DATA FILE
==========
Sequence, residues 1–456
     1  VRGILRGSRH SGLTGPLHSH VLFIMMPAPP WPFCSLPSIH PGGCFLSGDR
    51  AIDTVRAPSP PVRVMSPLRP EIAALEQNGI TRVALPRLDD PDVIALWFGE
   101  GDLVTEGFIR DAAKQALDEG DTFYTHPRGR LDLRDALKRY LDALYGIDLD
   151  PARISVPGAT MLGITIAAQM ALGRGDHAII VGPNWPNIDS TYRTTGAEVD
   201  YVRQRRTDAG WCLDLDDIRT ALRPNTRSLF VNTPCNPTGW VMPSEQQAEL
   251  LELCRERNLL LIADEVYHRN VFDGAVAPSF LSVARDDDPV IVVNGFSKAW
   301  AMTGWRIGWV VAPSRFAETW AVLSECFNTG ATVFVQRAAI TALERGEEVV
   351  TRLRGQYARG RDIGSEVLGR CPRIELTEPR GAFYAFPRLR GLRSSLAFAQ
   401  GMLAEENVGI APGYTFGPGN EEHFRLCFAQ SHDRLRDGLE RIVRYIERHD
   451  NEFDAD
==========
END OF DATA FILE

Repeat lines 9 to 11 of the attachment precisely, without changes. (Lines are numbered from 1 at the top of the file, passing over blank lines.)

   351  TRLRGQYARG RDIGSEVLGR CPRIELTEPR GAFYAFPRLR GLRSSLAFAQ
   401  GMLAEENVGI APGYTFGPGN EEHFRLCFAQ SHDRLRDGLE RIVRYIERHD
   451  NEFDAD